The fly on the right is my attempt at a fast water version of the Herniator: a 2x hook, silver cone head stabilized with lead wraps, peacock metallic ribbon, peacock herl tied in at the tips, then tied on top to create the underwing made from the stiffer sections of the herl, peacock flashabou, and grizzly hackle tied in the wet fly form.
So, tomorrow, I put the fly to the test. Hopefully a slug of halfpounders will have moved into Blake's Riffle by tomorrow morning. I would love the chance to test the fast water version of the Herniator in addition to my chamois worm fly.
As a final thought, there must be something about highway 299, a road that travels from Eureka to Redding. Tim Paxton of Eureka invented the Herniator in addition to several other patterns and Mike Mercer from Redding has invented many patterns that are the essential standards for the Trinity River (which follows 299) and all types of water found in the West (and I'm sure they will work all around the world).
Tight Lines All
I tied flies for a day to make a new box of flies for the Klamath River. Hopefully I would run into a pod of half pounders (small steelhead under a couple of pounds -- usually 12 to 20 inches), adult steelhead, and possibly salmon. I tied a dozen each of Assassin's, Copper Assassin's, Moss Back's, Silver Herniators, Copper Herniators, and a Worm Fly that I hoped would work.
I headed up to Blake's Riffle yesterday evening to find only a pair of spin fishermen entering the water. The entire riffle was vacant of fishermen. I went to the top of the riffle and almost fell in several times on my way out into the water. One has to wade out about 60 feet to thigh high water to be able to reach the deeper water and swing your fly through the deep water and into the edge of the riffles.
I entered the water at 4:30 and was fortunate to have a half pounder "suicide hit" my Assassin Fly on the swing at 5:00. It jumped out of the water twice and I was glad I brought my 7 weight rod (all my other rods are at Lewiston Lake). In the fast water the 12 to 14 inch fish made me put in on the reel instead of just stripping the line in by hand. I got it to the net and took the photo above. Again, I'm disappointed in the quality of the picture, but using an inexpensive water proof camera with one hand while a half pounder squirms in the net while standing waist deep in fast water while standing on very, very, slippery rocks: cannot complain too much.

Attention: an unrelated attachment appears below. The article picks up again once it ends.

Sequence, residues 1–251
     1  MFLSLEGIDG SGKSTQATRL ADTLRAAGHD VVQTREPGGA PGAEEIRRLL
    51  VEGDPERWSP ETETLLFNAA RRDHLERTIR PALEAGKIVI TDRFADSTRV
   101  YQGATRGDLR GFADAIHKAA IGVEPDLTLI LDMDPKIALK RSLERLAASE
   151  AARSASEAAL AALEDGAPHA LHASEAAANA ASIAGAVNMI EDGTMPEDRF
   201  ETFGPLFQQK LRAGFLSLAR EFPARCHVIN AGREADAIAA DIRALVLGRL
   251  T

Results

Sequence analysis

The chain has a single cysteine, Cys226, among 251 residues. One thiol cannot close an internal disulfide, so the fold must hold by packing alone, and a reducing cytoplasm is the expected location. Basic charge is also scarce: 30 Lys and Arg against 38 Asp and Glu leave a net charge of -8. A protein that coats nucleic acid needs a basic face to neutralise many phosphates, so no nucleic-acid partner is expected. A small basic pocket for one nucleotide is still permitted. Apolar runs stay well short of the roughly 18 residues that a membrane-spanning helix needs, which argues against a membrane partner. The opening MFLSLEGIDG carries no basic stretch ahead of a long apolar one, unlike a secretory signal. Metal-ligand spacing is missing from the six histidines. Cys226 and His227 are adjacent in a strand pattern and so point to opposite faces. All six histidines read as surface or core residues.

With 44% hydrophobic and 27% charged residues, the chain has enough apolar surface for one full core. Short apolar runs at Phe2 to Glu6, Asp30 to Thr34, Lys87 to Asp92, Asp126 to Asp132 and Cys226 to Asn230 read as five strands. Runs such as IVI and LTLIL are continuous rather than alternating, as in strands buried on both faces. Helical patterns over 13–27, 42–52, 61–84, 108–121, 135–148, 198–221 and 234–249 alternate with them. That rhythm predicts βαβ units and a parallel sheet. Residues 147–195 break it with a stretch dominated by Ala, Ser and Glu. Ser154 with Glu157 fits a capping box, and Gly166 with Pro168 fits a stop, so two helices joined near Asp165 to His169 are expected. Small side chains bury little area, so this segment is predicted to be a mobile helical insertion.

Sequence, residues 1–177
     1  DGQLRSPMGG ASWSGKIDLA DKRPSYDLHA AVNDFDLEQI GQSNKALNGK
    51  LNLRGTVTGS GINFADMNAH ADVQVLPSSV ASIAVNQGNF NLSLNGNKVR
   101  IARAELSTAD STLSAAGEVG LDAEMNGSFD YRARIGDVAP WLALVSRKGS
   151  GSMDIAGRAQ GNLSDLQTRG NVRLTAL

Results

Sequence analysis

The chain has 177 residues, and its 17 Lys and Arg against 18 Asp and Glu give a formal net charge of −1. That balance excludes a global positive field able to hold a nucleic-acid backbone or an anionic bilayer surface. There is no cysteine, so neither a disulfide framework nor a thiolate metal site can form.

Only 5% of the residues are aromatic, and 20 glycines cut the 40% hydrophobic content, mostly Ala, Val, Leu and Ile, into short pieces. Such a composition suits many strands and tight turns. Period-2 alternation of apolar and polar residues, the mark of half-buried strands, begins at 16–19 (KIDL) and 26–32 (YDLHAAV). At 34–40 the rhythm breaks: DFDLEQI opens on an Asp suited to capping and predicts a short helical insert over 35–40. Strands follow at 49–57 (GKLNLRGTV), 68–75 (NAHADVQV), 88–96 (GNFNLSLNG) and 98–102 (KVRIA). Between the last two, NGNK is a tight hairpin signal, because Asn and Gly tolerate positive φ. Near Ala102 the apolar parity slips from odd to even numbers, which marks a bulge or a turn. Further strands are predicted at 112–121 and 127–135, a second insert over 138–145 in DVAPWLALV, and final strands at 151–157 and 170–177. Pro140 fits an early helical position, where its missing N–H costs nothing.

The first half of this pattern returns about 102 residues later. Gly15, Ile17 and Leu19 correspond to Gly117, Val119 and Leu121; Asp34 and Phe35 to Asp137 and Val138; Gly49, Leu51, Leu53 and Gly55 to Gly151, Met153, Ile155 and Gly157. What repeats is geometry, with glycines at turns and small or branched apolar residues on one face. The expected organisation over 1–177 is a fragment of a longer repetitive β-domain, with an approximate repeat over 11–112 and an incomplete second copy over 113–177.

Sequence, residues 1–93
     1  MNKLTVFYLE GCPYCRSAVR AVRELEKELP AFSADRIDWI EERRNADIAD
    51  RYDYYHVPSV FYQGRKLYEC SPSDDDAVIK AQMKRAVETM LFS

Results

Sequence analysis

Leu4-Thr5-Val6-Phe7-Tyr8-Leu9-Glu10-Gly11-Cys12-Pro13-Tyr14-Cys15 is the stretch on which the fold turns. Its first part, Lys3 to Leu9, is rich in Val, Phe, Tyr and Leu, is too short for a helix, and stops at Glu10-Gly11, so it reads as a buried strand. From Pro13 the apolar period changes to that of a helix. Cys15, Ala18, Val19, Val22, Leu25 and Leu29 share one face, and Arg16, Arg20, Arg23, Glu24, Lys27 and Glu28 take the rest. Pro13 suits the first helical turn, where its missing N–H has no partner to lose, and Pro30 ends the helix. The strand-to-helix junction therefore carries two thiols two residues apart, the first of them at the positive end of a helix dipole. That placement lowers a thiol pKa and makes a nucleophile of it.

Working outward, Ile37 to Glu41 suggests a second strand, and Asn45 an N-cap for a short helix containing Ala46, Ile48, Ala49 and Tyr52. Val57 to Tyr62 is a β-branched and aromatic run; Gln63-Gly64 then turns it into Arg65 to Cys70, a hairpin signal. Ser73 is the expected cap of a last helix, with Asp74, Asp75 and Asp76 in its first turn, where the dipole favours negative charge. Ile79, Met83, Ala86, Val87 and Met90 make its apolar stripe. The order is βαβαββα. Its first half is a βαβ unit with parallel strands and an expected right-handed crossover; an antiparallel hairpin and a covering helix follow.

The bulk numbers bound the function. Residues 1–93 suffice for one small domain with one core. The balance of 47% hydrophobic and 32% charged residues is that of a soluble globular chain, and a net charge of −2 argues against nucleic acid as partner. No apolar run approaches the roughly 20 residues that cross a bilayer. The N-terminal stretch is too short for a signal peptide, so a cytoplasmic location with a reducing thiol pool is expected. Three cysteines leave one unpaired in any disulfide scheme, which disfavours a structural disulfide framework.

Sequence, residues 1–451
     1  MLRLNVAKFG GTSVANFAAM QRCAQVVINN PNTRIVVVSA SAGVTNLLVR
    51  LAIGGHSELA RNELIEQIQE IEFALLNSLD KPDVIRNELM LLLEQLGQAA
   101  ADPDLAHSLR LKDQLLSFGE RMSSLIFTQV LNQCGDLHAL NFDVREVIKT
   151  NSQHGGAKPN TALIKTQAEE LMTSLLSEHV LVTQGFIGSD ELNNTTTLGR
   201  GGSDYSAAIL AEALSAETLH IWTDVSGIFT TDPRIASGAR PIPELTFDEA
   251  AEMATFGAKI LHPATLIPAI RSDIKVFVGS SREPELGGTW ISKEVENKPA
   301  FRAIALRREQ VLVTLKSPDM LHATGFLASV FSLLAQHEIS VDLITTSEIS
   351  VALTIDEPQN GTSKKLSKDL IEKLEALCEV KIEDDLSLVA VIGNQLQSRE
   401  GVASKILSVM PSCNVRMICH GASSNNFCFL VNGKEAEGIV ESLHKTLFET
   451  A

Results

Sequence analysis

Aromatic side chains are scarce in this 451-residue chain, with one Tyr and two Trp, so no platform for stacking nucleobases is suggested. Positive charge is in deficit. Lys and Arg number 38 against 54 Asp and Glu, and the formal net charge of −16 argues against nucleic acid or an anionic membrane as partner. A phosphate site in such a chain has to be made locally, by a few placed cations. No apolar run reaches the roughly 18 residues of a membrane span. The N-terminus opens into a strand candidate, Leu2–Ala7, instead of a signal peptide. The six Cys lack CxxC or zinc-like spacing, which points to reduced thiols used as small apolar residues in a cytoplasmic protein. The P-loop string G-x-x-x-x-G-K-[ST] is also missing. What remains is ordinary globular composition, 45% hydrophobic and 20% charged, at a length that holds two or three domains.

I ended up catching two "quarter pounders", fish about 8 to 10 inches long. One was silver and looked like it just came out of the ocean while the other looked like a juvenile trout that had not left the river. I also caught about 6 "eighth pounders" or 4 to 6 inch fish, probably smolts. It is amazing how hard the smolts hit the fly as it is swinging across the current.
I fished for 3.5 hours, moving down the riffle after 3 or 4 casts at each spot. After an hour I got my footing down and could move down the stream safely. After 3 hours I was getting tired from casting, stripping line back, and moving down the riffle while always making sure that I was stable in the water. I left with about 45 more minutes of possible fishing time -- usually the best time, but for safety I called it a session and drove home.
I plan to give the Klamath River a couple of fishing sessions until my tennis teams have Saturday matches, leaving my Sundays for grading and getting ready for the upcoming week in school. Although I have fished at Blake's Riffle before, this outing had the feeling of a Heritage Trout outing and releasing the healthy juvenile steelhead back into the water was awesome.
Wednesday, August 3, 2011
On the way home from southern California I stopped at Lewiston Lake. I decided to fish the next morning to catch the final fish in the HTC challenge. I was told that Lewiston Lake, part of the historical drainage of the Trinity River, would count as a location for a Coastal Rainbow that would qualify for the HTC.